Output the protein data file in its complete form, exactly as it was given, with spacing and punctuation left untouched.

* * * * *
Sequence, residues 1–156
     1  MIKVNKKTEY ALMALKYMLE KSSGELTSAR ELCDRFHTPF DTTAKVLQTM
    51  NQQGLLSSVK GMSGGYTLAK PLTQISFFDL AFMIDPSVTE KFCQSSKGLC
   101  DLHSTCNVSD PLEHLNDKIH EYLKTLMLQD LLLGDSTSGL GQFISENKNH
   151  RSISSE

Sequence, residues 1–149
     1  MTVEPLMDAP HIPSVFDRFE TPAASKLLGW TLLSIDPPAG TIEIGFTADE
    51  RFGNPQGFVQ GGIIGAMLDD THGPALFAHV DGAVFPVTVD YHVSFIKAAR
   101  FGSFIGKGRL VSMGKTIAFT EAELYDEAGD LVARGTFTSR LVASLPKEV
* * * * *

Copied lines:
Sequence, residues 1–156
     1  MIKVNKKTEY ALMALKYMLE KSSGELTSAR ELCDRFHTPF DTTAKVLQTM
    51  NQQGLLSSVK GMSGGYTLAK PLTQISFFDL AFMIDPSVTE KFCQSSKGLC
   101  DLHSTCNVSD PLEHLNDKIH EYLKTLMLQD LLLGDSTSGL GQFISENKNH
   151  RSISSE

Sequence, residues 1–149
     1  MTVEPLMDAP HIPSVFDRFE TPAASKLLGW TLLSIDPPAG TIEIGFTADE
    51  RFGNPQGFVQ GGIIGAMLDD THGPALFAHV DGAVFPVTVD YHVSFIKAAR
   101  FGSFIGKGRL VSMGKTIAFT EAELYDEAGD LVARGTFTSR LVASLPKEV